by William Bowen
One of the best pitchers in the short-lived American Base Ball Association (ABBA), Leander McNaughton helped ensure the survival of the team that would become the Brooklyn Bluebirds.
Little is known about the stocky right-hander’s origin. The story Brooklyn fans tell goes like this. One of the new owners of the Gothams took his daughter to a carnival one weekend in October 1882. They happened upon a crowd gathered around one of the attractions. In the center of the crowd was a sturdy, mustachioed man, baseball in hand, taking aim at a stack of milk bottles 90 feet away. Here was Leander McNaughton, and though he only hit the bottles on seven of his 10 throws, the owner was so impressed by his speed and movement that McNaughton was under contract before the day was over. No one can verify whether or not this story is true, but what we know for sure is that when the 1883 season opened, McNaughton was on the Gotham roster.
The 1883 season was the second season for the ABBA and the first for the Gothams. Gotham ownership spared no expense and put together a roster that would be competitive on opening day. The 27-year-old McNaughton paired 35-year-old control artist Erwin Morse in the Gotham rotation. Morse taught McNaughton (and a 17-year-old Steven Fry) his changeup, which gave Leander a third pitch to complement his fastball and curveball. Behind these two arms, the Gothams won the Association Championship in their very first season. This kicked off an impressive ten-year run in which the team never finished below .600 and won the Association Championship four times. The 11-year history of the ABBA mostly featured the Brooklynites and the Cincinnati Excellents vying for first place. Cincinnati relied on two Hall of Fame starters—Royal Ricketts and Hiram Ballard—where Brooklyn leaned on the stalwart right arm of McNaughton.
The Gothams won the ABBA Championship in their first year, but they were also competing for fans on Manhattan with the National Base Ball League’s New York Knickerbockers. The Gothams decided to forfeit this competition, and headed across the East River for the 1884 season.
In Brooklyn, McNaughton truly made his mark. From 1884 to 1892, McNaughton finished in the top 10 in wins nine times, strikeouts seven times, ERA eight times, WHIP nine times, and WAR nine times. Even when he wasn’t striking batters out, McNaughton rarely allowed hard contact. Tremendous movement and control allowed him to consistently post low BABIPs and home run rates.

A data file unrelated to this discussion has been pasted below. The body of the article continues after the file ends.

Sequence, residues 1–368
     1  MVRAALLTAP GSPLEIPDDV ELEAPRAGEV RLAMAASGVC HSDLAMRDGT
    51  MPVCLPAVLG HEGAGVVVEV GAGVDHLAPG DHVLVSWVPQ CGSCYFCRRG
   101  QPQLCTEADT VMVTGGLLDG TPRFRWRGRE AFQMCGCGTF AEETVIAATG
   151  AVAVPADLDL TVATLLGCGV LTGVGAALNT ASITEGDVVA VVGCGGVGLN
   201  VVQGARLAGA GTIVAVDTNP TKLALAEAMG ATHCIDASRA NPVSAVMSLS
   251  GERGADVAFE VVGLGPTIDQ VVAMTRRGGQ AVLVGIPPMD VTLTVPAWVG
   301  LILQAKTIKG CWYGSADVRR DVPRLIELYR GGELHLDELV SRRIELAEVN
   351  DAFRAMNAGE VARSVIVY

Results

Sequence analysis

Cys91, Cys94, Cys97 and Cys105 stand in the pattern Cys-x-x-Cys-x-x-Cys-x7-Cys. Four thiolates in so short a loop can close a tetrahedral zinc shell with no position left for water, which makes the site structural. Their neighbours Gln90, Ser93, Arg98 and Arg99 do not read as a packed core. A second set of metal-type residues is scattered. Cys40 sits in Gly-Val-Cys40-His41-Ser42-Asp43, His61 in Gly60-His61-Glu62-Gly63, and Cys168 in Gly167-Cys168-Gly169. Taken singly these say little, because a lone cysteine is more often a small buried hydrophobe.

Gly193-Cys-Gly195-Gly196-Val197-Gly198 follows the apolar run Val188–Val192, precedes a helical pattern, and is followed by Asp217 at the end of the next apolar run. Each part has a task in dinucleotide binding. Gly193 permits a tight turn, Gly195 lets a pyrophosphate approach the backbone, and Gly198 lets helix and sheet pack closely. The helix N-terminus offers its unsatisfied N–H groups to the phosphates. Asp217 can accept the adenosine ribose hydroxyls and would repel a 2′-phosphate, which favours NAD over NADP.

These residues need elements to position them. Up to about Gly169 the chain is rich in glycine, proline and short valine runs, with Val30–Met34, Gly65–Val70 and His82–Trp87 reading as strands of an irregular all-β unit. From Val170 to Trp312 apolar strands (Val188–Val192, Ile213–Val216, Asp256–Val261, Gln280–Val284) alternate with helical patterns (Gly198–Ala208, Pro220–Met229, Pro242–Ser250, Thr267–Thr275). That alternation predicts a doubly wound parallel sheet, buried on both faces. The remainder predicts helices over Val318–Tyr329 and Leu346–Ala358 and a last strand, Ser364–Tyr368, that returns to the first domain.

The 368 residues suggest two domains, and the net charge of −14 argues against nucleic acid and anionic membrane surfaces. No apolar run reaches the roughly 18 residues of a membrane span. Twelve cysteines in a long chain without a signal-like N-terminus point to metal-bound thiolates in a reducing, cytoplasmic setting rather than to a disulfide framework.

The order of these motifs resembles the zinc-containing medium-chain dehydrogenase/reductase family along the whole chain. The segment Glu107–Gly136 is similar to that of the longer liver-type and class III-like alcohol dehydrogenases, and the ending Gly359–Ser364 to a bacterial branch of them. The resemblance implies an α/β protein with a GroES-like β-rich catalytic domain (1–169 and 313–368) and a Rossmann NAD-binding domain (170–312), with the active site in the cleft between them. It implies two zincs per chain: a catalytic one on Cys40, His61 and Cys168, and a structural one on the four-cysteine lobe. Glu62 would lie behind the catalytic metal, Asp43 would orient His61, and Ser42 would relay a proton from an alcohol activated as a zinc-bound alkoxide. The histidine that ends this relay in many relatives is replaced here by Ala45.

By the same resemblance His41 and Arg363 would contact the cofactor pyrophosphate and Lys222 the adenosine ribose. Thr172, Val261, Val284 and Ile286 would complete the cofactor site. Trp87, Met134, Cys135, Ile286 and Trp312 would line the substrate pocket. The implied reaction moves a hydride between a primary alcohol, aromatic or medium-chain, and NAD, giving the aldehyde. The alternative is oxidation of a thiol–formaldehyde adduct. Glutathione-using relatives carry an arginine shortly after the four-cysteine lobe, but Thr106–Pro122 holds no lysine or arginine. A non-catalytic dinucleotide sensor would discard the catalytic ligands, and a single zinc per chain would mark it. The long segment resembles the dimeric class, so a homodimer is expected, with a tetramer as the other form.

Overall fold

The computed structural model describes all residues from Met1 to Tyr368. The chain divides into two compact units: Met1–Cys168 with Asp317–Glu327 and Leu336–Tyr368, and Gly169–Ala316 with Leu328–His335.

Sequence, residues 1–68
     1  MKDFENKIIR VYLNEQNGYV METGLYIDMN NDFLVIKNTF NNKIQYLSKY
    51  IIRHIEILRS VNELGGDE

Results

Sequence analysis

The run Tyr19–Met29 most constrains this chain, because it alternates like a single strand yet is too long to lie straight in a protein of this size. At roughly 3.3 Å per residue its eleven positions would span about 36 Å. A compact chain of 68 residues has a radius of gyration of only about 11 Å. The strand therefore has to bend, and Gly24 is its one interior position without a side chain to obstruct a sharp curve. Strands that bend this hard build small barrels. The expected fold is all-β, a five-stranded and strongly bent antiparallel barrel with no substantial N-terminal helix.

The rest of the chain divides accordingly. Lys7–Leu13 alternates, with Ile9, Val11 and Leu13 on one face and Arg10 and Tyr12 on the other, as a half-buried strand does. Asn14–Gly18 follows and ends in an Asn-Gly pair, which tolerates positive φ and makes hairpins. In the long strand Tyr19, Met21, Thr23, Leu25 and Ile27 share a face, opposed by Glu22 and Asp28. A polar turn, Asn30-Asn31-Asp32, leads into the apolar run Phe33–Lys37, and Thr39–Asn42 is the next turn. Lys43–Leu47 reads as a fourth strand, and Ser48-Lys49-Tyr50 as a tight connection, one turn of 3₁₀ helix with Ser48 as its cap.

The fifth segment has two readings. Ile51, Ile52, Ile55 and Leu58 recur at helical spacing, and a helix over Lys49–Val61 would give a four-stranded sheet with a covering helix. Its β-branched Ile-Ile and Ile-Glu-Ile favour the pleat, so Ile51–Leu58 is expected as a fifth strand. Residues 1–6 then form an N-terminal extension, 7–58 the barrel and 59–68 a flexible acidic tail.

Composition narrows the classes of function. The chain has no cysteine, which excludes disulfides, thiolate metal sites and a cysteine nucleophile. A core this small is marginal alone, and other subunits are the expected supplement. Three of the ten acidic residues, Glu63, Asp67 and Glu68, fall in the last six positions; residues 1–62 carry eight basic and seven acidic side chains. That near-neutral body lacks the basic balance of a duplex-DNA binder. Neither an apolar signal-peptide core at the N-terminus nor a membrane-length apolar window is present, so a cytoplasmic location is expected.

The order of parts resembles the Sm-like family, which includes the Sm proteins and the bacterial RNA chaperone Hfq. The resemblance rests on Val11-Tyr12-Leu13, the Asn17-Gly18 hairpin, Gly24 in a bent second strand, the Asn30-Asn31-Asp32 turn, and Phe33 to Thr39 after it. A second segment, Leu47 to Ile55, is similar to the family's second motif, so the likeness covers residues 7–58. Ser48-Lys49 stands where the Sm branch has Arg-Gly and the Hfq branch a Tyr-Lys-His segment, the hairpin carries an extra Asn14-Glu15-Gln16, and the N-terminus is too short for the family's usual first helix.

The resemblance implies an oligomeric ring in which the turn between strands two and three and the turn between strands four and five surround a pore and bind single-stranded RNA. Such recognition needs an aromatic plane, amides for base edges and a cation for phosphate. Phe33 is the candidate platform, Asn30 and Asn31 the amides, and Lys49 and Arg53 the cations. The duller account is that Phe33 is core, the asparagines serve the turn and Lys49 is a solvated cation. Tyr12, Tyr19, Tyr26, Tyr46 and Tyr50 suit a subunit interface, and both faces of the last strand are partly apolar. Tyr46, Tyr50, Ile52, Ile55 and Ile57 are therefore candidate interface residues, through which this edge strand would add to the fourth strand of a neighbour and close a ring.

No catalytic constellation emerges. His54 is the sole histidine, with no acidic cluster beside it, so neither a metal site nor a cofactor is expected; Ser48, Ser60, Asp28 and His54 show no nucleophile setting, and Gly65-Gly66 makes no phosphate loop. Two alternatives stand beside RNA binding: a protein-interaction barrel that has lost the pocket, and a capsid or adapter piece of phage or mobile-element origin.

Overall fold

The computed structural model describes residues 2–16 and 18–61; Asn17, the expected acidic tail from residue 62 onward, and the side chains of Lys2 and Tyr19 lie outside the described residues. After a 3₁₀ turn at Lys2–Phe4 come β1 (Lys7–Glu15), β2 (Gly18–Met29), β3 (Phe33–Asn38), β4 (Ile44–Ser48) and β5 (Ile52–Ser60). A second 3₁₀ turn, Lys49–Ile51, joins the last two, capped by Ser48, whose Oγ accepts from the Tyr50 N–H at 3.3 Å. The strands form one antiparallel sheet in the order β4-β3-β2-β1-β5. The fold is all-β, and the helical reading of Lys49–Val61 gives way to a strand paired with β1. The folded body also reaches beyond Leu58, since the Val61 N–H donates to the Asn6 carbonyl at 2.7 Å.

McNaughton and Morse led the Gotham rotation until 1888, when the 40-year-old Morse was released in April after two subpar starts. This left McNaughton the undisputed staff ace at 32. He rose to the challenge. After leading the league in ERA the previous year, McNaughton led the league in games started and strikeouts, and posted a career high 12.1 WAR. Despite their 85-55 record, the Gothams finished third.
In Morse’s absence, McNaughton also took the helm of staff mentor. He helped young lefty Monroe Black simplify his mechanics. By 1890, Brooklyn was back on top, led by McNaughton, Black, and trade acquisition Tug Abraham, who helped the Gothams dominate the heavily-favored New York Knickerbockers for the Junior Circuit’s first World Championship.
The three-headed monster of McNaughton, Black, and Abraham led Brooklyn to another championship over the Knickerbockers in 1892, their first season under the new nickname Bluebirds and their final season with the ABBA. The league folded in the off-season, and the Bluebirds were absorbed into the NBBL.
Now 37, McNaughton was not the pitcher he once was. Abraham’s stuff took a nosedive during spring training, and he pitched only two regular-season innings before the Bluebirds released him. This pushed McNaughton into another 50-start season. Without the stamina he once had, McNaughton posted a below-average ERA and the Bluebirds finished with a .500 record, both firsts in his career. McNaughton retired shortly after the season ended, closing the first chapter in the story of the Brooklyn Bluebirds.
Leander McNaughton finished with a 278-153 career won-lost record. His career .654 winning percentage ranks 15th all-time. His 2.54 ERA was good for a 127 ERA+. He struck out 1,849 hitters and amassed 84.1 WAR. He won Player of the Week nine times and Pitcher of the Month five times. He led the league in ERA twice (1887, 1889) and strikeouts once (1888). He was a three-time championship winner (1883, 1890, 1892).